#21: The Tower of London

In the early 1080s, William the Conqueror began to build a massive stone tower at the centre of his London fortress which would become known as The Tower of London. Nothing […]

In the early 1080s, William the Conqueror began to build a massive stone tower at the centre of his London fortress which would become known as The Tower of London. Nothing like it had ever been seen before.

Through the centuries that followed, successive monarchs added to the fortifications. This short history charts the different stages of its construction and explains its role as fortress, palace and prison.

The White Tower
You can’t miss the White Towers four distinctive turrets at the centre of the Tower of London overlooking the River Thames.  It was built, to awe and strike fear and submission into the unruly Londoners and to deter foreign invaders. It’s now an iconic symbol of London and Britain and a world heritage site.

The white tower of london

The white tower of london

Inside the White Tower you can see five centuries of spectacular royal armoury. Perhaps the most famous armour here is that of Henry VIII. Also check out the other floors containing weapons and canons.

Henry VIII Royal Armour

Henry VIII Royal Armour

The Crown Jewels
They are the greatest working collection of Crown Jewels in the world and priceless symbols of the British monarchy. If you spot an ‘in use’ sign, Liz and Wills could possibly be wearing them at that moment. You’ve got to be quick though because the only way you can view the Crown Jewels is on a conveyor belt that flies you by in seconds.

There are 23,578 gems that make up the Crown Jewels, including the Imperial State Crown, which alone has 2,868 diamonds, 273 pearls, 17 sapphires, 11 emeralds and 5 rubies. The First Star of Africa, now mounted at the top of the Sovereign’s Sceptre, is the largest cut diamond in the world. This collection of priceless Coronation Regalia has been at the Tower of London since the 17th century with apparently only one attempt to steal them.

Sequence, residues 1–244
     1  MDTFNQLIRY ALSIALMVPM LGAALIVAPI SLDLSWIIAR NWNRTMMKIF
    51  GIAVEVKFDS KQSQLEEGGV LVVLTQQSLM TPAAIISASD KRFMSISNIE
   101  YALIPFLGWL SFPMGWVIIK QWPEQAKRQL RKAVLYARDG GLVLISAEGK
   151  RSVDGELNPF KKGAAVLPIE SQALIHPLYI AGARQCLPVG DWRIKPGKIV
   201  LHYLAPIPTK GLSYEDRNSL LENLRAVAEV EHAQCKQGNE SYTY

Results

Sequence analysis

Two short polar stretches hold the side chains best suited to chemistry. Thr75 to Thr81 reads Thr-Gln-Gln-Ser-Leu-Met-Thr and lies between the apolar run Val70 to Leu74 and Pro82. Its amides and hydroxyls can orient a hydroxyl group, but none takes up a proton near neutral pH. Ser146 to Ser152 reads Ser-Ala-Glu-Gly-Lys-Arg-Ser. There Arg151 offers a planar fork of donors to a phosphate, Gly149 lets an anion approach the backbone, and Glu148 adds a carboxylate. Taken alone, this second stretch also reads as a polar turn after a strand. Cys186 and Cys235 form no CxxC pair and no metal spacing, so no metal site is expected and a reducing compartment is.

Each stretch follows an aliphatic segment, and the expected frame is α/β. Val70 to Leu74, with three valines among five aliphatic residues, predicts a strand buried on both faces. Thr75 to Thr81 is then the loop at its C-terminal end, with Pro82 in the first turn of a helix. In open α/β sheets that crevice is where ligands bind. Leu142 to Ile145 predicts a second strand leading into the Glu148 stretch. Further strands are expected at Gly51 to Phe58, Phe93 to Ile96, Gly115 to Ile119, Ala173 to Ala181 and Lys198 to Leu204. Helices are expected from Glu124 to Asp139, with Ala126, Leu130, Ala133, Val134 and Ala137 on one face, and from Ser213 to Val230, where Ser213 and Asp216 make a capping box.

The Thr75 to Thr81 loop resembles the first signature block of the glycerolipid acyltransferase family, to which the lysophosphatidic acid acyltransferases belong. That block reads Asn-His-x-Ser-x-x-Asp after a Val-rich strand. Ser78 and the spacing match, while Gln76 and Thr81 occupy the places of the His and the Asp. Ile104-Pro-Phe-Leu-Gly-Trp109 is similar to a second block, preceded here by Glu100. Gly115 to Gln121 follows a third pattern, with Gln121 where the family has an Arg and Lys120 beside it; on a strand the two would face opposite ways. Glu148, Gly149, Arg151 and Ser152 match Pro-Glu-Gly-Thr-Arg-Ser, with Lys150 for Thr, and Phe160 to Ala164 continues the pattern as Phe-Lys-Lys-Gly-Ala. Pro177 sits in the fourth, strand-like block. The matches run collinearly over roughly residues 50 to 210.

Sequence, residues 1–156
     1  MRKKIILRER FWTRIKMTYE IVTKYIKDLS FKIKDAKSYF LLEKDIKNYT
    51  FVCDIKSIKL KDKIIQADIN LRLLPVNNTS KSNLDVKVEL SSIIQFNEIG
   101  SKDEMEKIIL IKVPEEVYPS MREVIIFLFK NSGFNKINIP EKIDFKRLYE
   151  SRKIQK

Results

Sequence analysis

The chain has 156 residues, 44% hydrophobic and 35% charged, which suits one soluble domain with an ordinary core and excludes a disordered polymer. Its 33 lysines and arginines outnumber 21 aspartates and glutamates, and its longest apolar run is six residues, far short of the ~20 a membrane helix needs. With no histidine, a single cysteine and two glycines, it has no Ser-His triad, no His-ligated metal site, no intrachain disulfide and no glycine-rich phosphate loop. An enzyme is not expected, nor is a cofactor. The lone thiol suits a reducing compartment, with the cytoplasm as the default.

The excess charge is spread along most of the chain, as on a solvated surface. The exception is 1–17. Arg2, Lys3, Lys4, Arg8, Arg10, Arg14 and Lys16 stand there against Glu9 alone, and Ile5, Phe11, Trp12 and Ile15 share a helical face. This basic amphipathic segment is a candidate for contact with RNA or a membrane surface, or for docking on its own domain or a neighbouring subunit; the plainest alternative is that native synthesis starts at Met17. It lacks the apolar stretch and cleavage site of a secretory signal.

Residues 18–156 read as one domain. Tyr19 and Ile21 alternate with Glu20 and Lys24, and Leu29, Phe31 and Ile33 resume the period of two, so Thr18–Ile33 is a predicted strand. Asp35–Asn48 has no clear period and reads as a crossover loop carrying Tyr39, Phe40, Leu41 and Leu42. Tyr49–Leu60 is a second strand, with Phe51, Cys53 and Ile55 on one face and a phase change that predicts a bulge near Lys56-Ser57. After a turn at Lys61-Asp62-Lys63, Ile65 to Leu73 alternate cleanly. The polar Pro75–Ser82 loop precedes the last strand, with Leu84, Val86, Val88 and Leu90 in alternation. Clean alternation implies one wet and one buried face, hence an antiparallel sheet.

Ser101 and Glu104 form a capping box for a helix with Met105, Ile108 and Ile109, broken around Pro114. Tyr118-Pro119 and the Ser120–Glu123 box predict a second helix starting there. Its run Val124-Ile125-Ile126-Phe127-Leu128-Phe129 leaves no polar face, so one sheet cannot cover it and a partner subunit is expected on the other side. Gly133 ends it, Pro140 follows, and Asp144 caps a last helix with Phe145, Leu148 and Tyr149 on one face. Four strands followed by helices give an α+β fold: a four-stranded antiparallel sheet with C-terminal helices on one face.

Crown jewels

Crown jewels

The Imperial State Crown

The Imperial State Crown

The Queen at her Coronation in 1953 holding the Orb and the Sceptre

The Queen at her Coronation in 1953 holding the Orb and the Sceptre

Beefeaters
The Yeoman Warders or ‘Beefeaters’as they are nicknamed, have been symbols of Britain since 1509. It’s thought their nickname came from their position in the Royal Bodyguard which allowed them to eat as much beef as they wanted from the King’s table. Today to be a  Beefeater at the Tower they’re required to have served in the armed forces with an honourable record for at least 22 years. And as a bonus, they get to live at the Tower. They just have to put up with all of us tourists.

Hanging with a Beefeater

Hanging with a Beefeater

Tower of london ravens

The Ravens
The Ravens have become one of the Tower’s most famous sights. Legend says that the kingdom and the Tower will fall if the six ravens ever leave the Tower. Unfortunately for the ravens, their wings have been clipped to make sure that doesn’t happen.

Be Sociable, Share!